LabVIEW and Raspberry Pi TCP/IP Communications

A few months ago I did the LabVIEW Connectivity course at National Instruments UK. I really enjoyed it but haven’t got around to trying any of the concepts out yet. Last week I decided to write a TCP/IP chat program working between LabVIEW running on my Windows laptop and Python running my Raspberry Pi.

On the left of the you can see the LabVEIW front panel running the server. On the right is the putty terminal running a Python client. At the moment I only have the functionality to connect one client to the server. LabVIEW and Raspberry Pi TCP IP Communications
This little project got me thinking and I learnt quite a few new concepts.
LabVIEW Server:
I used the LabVIEW example finder to get started.
The LabVIEW server starts off my listening for connections. I have set a 60 sec timeout for this wait. Once connected, there are two parallel loops running. One loop is used to transmit strings and the other loop is used to receive strings.
To transmit a string, the user types the string in the User Input control and presses the Return key. An end of line character is then concatenated onto the string which is transmitted using TCP Write.
To receive a string, the TCP Read function listens with a timeout of 100 ms. If a string is received, it is concatenated onto the Response String indicator.
Python Client:
This is where things got interesting. I needed to use threads, timeouts and sockets, each of which I have never used before. This client was written in Python 3.2.

I ended up using two threads. One for the transmit and the other for the receive controls.I used a global variable which is used to stop the threads when the client or server is stopped. I also needed to use a timeout in both the transmit and receive thread because the recv() and readline() methods blocked the program flow which locked up the threads if the client was stopped.LabVIEW and Raspberry Pi TCP IP Communications schematicWith the timeout set, I could monitor the global variable and return cleanly from the thread when the client or server was stopped.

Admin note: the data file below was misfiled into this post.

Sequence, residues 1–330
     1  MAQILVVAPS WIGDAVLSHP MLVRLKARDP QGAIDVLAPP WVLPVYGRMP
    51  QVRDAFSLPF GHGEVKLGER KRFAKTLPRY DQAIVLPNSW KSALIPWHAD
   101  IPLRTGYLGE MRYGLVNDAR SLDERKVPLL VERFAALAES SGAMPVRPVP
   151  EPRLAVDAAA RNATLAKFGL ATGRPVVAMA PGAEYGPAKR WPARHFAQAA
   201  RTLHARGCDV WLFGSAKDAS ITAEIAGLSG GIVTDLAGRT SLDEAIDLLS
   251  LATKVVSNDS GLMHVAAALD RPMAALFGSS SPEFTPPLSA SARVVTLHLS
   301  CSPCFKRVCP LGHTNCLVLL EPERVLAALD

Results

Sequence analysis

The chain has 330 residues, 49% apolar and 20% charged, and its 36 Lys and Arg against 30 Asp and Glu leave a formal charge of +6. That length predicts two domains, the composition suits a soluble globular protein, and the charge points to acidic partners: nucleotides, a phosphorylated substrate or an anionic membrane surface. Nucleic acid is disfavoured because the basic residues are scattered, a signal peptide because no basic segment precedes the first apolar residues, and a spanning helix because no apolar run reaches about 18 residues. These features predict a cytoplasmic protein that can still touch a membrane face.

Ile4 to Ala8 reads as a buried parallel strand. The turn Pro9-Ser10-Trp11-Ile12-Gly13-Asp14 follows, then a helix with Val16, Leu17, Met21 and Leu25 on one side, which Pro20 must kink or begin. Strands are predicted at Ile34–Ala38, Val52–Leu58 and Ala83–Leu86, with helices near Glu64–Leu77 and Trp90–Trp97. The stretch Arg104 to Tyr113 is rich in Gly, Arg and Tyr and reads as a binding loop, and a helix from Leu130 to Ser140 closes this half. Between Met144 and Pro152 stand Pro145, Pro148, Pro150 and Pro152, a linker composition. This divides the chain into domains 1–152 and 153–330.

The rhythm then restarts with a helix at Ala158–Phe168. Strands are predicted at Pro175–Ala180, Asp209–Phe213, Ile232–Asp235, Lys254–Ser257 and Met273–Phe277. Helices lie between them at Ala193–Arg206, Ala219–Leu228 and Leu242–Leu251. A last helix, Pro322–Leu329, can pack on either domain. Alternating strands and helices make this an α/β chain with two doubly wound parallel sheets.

First start the LabVIEW server, then within 60 sec run the Python client. The connection will be established and you will be able to send strings between LabVIEW and the Raspberry Pi. To stop the programs, either use the Stop button in LabVIEW or CTRL+C in Python. Both methods will stop both the server and the client.

I am sure there are many methods to do what I have done here, even better, cleaner ones. My Python is all self taught and only being used for my hobbies. I am using my Raspberry Pi for what is was designed for; learning. If you can recommend a better way to do this, please let me know because I am always keen to learn something new.

For more detail: LabVIEW and Raspberry Pi TCP/IP Communications

About The Author

Ibrar Ayyub

I am an experienced technical writer holding a Master's degree in computer science from BZU Multan, Pakistan University. With a background spanning various industries, particularly in home automation and engineering, I have honed my skills in crafting clear and concise content. Proficient in leveraging infographics and diagrams, I strive to simplify complex concepts for readers. My strength lies in thorough research and presenting information in a structured and logical format.

Follow Us:

Leave a Comment

Your email address will not be published. Required fields are marked *

Scroll to Top